The study examined the Graduation Success Rates (GSR) and Academic Progress Rates (APR) for tournament teams as reported by the NCAA. This study also compared the graduation rate data of white and African-American male basketball student-athletes.

“There is good news to report as almost every category examined got better. The GSR numbers for white male basketball student-athletes increased from 89 percent in 2014 to 93 percent in 2015. The GSR for African-American male basketball student-athletes increased from 65 in 2014 to 69 percent in 2015.

However, the enormous gap between the graduation rates of white and African-American student-athletes in 2015 remained the same as 2014 at a terrible 24 percent.

See also: Keeping Score When It Counts: Academic Progress/Graduation Success Rate Study of 2015 NCAA Division I Men’s and Women’s Basketball Tournament Teams (PDF)

Achievement Gap Narrows as High School Graduation Rates for Minority Students Improve Faster than Rest of Nation

March 19, 2015 Comments off

Achievement Gap Narrows as High School Graduation Rates for Minority Students Improve Faster than Rest of Nation
Source: U.S. Department of Education

Graduation rates for black and Hispanic students increased by nearly 4 percentage points from 2011 to 2013, outpacing the growth for all students in the nation, according to new data from the U.S. Department of Education’s National Center for Education Statistics.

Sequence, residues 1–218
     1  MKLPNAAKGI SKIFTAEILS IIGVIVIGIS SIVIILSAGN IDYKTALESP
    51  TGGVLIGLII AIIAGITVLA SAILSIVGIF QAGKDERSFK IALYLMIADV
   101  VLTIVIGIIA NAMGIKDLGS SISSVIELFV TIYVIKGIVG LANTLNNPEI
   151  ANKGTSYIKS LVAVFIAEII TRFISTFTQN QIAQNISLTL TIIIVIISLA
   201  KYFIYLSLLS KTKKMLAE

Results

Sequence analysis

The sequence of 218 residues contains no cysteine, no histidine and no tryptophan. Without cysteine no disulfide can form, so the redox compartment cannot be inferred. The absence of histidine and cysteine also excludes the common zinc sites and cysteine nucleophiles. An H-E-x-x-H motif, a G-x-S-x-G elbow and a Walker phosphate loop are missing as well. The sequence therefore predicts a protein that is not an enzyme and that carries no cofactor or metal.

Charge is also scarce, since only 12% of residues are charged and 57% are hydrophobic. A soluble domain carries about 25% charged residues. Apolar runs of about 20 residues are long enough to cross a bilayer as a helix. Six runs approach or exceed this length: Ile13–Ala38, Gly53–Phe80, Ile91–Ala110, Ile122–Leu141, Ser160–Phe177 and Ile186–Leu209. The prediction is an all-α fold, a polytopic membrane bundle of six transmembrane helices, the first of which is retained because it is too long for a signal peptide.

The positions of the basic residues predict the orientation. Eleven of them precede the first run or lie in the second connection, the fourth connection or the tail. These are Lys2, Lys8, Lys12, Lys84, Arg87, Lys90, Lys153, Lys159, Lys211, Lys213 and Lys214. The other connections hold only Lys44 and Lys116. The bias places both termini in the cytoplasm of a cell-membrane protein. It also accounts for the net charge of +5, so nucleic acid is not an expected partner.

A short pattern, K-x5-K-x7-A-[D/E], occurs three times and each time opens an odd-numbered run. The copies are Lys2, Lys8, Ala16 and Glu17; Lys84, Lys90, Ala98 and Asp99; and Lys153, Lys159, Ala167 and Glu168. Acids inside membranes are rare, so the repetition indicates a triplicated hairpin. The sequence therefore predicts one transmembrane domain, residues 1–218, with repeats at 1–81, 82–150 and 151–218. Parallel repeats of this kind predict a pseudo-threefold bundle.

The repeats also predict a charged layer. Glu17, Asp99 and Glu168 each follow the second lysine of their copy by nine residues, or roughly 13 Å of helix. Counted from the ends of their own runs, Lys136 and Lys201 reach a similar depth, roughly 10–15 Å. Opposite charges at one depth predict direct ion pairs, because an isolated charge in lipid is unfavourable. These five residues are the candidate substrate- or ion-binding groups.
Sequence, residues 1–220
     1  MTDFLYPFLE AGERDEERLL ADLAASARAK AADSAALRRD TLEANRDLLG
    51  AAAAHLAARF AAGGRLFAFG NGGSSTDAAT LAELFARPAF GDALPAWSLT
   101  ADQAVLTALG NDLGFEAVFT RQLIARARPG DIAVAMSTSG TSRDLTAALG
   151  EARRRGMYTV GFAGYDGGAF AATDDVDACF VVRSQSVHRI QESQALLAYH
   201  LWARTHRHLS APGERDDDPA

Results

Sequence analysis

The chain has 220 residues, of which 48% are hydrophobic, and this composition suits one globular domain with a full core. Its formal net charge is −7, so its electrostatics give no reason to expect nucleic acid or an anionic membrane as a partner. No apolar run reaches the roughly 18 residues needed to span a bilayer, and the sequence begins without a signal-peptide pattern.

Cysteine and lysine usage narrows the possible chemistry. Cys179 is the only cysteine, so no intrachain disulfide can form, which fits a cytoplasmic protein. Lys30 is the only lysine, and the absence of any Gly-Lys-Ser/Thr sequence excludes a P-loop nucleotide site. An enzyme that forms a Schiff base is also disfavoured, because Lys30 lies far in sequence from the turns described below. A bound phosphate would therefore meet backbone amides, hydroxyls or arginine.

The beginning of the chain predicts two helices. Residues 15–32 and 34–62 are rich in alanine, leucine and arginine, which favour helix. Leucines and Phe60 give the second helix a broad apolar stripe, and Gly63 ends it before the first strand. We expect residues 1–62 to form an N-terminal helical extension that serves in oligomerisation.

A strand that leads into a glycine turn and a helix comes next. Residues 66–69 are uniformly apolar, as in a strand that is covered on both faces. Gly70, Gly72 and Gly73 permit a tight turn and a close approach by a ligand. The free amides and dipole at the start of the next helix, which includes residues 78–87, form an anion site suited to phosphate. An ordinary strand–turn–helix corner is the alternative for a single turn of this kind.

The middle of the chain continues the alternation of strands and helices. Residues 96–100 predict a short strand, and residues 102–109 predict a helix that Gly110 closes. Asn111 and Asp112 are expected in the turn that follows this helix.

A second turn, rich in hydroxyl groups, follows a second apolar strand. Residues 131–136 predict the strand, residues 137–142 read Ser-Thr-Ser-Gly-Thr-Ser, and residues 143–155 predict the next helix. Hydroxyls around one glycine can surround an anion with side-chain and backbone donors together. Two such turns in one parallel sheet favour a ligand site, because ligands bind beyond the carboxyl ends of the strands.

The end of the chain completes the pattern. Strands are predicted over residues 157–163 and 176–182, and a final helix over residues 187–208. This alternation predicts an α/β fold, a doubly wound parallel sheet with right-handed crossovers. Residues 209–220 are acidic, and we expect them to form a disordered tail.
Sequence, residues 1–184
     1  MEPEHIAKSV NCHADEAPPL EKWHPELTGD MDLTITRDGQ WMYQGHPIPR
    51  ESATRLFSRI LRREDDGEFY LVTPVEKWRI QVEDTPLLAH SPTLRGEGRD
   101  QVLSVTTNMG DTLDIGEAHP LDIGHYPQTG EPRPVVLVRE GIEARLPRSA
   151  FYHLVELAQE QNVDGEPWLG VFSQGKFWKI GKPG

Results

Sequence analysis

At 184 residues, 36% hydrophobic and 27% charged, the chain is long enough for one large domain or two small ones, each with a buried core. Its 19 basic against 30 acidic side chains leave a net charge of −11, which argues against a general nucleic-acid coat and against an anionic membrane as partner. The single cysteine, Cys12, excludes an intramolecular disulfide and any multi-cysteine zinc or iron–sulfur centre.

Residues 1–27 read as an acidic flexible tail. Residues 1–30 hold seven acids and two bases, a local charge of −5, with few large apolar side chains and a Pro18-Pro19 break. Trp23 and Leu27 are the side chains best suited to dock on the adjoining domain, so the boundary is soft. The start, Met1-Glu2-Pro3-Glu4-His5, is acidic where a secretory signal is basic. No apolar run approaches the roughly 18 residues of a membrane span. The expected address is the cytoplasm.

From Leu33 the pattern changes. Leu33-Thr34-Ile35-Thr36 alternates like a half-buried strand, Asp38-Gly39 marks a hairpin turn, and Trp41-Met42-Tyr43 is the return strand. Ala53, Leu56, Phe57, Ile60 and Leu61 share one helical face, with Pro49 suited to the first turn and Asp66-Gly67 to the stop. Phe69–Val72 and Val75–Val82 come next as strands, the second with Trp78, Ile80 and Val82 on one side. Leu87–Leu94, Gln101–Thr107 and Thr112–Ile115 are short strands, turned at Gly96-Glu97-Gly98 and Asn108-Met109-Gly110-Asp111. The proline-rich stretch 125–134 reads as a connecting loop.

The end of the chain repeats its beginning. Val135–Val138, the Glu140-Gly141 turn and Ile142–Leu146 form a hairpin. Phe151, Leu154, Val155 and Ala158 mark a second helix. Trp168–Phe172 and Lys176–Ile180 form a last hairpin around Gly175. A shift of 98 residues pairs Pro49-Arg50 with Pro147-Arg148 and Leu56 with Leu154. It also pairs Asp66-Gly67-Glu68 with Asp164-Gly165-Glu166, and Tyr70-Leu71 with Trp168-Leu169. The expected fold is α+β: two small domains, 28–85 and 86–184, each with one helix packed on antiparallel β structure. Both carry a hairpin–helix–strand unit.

What’s more, the gap between white students and black and Hispanic students receiving high school diplomas narrowed over that time, the data show.

The Labor Force in an Aging and Growing America; Mapping America’s Futures, Brief 4

March 17, 2015 Comments off

The Labor Force in an Aging and Growing America; Mapping America’s Futures, Brief 4
Source: Urban Institute

From 2010 to 2030, patterns of labor force participation will change across regions of the United States. In some regions, the primary demographic effect will be changes in age structure, which will drive declines in labor force participation rates. In other regions, in-migration and changes in the racial and ethnic composition of the adult population will primarily increase the numbers of the “dependent population”-people not in the labor force. Still other regions will have to accommodate both sharply declining participation rates and sharply increasing nonparticipants. These diverse patterns of changes in labor force participation pose different challenges to regions.

See also:
+ Evolving Patterns in Diversity Mapping America’s Futures, Brief 2
+ Children and Youth in an Aging America; Mapping America’s Futures, Brief 3

New Census Bureau Report Analyzes U.S. Population Projections

March 9, 2015 Comments off

New Census Bureau Report Analyzes U.S. Population Projections
Source: U.S. Census Bureau